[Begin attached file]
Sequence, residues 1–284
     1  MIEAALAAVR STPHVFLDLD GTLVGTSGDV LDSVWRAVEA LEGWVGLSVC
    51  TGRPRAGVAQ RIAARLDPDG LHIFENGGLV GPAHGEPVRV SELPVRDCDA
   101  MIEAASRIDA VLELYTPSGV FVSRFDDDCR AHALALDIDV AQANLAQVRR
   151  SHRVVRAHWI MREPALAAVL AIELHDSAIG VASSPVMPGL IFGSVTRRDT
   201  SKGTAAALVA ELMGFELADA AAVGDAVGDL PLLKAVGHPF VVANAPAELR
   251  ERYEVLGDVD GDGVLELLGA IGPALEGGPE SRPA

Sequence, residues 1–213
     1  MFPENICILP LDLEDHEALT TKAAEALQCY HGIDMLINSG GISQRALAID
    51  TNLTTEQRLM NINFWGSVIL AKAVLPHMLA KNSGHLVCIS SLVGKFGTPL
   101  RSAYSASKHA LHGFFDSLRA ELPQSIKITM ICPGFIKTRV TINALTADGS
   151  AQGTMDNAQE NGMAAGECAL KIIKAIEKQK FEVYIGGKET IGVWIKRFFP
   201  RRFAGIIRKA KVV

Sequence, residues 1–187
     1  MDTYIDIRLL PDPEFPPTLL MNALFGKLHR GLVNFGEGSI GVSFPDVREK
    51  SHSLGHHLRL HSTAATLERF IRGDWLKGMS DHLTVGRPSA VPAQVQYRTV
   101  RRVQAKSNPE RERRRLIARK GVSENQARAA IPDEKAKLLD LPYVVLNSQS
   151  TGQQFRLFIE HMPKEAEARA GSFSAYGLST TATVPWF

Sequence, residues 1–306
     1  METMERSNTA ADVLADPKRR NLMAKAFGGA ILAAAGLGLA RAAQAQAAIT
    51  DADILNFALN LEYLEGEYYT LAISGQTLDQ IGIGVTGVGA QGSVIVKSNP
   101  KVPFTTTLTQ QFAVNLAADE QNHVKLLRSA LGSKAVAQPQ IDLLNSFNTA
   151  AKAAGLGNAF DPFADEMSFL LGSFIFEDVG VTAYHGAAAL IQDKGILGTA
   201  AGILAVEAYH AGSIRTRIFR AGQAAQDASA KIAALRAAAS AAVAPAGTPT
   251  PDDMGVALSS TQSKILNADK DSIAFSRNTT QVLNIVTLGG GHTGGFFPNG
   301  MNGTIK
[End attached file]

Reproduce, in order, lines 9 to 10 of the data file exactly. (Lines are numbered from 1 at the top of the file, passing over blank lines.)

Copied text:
     1  MFPENICILP LDLEDHEALT TKAAEALQCY HGIDMLINSG GISQRALAID
    51  TNLTTEQRLM NINFWGSVIL AKAVLPHMLA KNSGHLVCIS SLVGKFGTPL